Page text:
Edwards, C.A., Dominguez, J. and Neuhauser, E.F., 1998, Growth and reproduction of Perionyx excavations (Perr.)(Megascolecidae) as factors in organic waste management. Biology and Fertility of Soils, 27(2), pp.155-161.

Golueke, C.G., 1977. Biological reclamation of solid wastes.

InTech – Open Science Open Minds | InTechOpen 2016, Intechopen.com. Viewed 8 June 2016, <http://www.intechopen.com&gt;.

Lim, N., and Lim, N. 2014, 3 Companies Making It Big From Garbage – Australian Ethical – Super and Managed Funds, Australian Ethical – Super and Managed Funds. Viewed 8 June 2016, <https://www.australianethical.com.au/news/trash-treasure-3-companies-making-it-big-garbage/&gt;.

Visvanathan, C. 2011, Decentralized approach to treating the organic fraction of municipal solid waste with energy recovery by using inclined dry anaerobic digestion, Knovel.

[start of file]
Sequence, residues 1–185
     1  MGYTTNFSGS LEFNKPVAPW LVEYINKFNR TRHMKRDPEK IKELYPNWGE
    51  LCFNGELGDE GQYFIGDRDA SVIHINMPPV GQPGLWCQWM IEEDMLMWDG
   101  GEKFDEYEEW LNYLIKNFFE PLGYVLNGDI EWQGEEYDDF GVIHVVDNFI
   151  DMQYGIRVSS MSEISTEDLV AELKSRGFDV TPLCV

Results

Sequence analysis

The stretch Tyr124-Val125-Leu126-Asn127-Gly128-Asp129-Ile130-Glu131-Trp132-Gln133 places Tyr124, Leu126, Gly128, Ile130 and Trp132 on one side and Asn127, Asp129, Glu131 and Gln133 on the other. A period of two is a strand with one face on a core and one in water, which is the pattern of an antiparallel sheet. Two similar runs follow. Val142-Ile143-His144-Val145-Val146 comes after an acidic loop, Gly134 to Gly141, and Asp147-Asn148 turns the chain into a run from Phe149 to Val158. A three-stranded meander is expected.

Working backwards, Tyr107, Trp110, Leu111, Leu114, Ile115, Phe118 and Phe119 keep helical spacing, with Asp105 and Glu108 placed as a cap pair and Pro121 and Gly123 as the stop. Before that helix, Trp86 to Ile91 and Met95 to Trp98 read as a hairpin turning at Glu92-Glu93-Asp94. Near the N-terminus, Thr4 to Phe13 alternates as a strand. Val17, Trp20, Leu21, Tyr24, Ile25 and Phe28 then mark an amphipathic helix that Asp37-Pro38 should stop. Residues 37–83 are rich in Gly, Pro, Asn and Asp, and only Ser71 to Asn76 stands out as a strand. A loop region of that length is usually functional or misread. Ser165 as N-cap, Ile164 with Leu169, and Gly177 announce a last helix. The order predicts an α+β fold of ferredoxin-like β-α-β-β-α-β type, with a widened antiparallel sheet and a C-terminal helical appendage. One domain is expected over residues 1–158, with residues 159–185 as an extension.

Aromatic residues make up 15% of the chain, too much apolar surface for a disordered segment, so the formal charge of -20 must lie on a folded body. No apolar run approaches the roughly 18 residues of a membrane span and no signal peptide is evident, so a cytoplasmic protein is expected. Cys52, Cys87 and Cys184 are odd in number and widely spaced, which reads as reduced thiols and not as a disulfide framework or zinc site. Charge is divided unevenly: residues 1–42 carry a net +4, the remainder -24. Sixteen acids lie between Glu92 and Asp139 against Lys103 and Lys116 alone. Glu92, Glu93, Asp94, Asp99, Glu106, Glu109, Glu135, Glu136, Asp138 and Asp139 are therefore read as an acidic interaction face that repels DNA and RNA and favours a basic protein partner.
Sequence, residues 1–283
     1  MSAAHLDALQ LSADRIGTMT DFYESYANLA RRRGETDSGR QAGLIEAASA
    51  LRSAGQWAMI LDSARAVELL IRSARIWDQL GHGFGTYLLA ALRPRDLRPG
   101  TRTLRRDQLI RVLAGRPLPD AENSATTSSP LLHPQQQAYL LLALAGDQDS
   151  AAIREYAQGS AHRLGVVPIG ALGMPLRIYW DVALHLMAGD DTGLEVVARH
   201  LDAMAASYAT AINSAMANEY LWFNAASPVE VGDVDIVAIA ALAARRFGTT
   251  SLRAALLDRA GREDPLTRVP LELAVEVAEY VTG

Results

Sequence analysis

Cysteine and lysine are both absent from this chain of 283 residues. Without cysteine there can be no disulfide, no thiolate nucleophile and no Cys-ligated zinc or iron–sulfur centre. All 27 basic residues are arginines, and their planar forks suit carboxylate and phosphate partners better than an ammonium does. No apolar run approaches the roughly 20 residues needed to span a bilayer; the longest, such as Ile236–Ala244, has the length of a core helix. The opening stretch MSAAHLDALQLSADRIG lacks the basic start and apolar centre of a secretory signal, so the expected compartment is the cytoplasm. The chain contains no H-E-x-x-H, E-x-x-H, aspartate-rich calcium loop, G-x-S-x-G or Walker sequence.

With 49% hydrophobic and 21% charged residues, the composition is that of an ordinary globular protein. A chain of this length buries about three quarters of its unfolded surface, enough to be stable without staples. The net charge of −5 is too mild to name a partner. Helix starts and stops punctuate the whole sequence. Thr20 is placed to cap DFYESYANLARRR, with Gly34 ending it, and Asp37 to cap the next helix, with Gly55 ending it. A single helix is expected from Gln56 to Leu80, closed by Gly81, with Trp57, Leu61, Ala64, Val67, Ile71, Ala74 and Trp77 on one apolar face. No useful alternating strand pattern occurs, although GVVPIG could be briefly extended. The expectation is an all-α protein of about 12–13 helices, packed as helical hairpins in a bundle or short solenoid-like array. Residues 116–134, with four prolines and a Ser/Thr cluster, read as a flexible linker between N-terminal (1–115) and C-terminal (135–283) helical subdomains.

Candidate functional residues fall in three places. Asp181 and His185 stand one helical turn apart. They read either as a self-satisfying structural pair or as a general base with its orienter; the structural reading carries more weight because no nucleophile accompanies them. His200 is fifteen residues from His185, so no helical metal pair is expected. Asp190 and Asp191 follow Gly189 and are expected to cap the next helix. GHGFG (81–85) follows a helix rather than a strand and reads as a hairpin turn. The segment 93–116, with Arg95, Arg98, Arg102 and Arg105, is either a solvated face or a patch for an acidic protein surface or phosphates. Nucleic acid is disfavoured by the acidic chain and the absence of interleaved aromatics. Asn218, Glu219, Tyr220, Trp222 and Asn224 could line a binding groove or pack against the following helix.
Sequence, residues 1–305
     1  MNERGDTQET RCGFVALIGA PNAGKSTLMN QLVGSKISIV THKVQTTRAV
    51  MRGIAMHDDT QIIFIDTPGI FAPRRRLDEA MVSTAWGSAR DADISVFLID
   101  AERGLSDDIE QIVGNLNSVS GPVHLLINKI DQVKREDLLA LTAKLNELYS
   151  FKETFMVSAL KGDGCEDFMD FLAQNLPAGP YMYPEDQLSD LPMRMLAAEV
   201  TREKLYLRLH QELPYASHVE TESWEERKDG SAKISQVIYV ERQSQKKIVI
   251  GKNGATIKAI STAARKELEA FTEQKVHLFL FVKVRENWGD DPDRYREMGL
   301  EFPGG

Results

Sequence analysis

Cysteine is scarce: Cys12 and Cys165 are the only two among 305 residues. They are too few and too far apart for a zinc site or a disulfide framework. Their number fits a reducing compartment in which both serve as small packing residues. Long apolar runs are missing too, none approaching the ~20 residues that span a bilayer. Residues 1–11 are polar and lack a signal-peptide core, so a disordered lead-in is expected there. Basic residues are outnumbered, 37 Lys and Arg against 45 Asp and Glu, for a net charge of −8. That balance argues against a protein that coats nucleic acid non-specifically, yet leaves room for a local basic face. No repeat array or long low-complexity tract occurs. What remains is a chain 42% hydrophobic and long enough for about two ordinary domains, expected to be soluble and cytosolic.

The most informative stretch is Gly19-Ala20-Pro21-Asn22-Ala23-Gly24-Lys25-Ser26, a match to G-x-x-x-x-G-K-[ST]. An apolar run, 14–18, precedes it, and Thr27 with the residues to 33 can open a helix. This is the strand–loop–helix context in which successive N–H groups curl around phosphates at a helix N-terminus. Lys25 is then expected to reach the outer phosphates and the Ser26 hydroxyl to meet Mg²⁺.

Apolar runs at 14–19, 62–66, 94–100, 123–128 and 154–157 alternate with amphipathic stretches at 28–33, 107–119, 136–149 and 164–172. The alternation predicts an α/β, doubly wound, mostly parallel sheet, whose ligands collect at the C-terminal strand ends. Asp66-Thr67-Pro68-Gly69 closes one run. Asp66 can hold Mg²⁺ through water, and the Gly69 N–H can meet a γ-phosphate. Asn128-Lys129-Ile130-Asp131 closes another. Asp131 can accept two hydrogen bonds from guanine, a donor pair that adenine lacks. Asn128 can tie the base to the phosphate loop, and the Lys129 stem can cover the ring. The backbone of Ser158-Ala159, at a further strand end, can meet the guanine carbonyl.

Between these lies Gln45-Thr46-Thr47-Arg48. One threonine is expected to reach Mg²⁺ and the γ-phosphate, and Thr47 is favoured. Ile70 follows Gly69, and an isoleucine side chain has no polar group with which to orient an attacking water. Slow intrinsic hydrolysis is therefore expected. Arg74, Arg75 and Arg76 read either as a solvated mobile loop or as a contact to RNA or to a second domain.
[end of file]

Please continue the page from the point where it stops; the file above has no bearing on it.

POST D

Post D: Alternative System for Hospitals

quote

Hospitals is a complex and fascinating entity, housing entire ecosystem of people within, and therefore makes waste management a challenge. As an example, the Royal Adelaide Hospital has now become a model for green programming in South Australia as well as nationally after showing that sustainability is an achievable goal even in the most challenging work environments.

Some of the existing waste management program includes:

  • Separating Food waste from other recyclable waste to ensure minimal contamination
  • Tagged bins for different categories of recyclables
  • Pro-actively educating staff on the importance of responsible waste management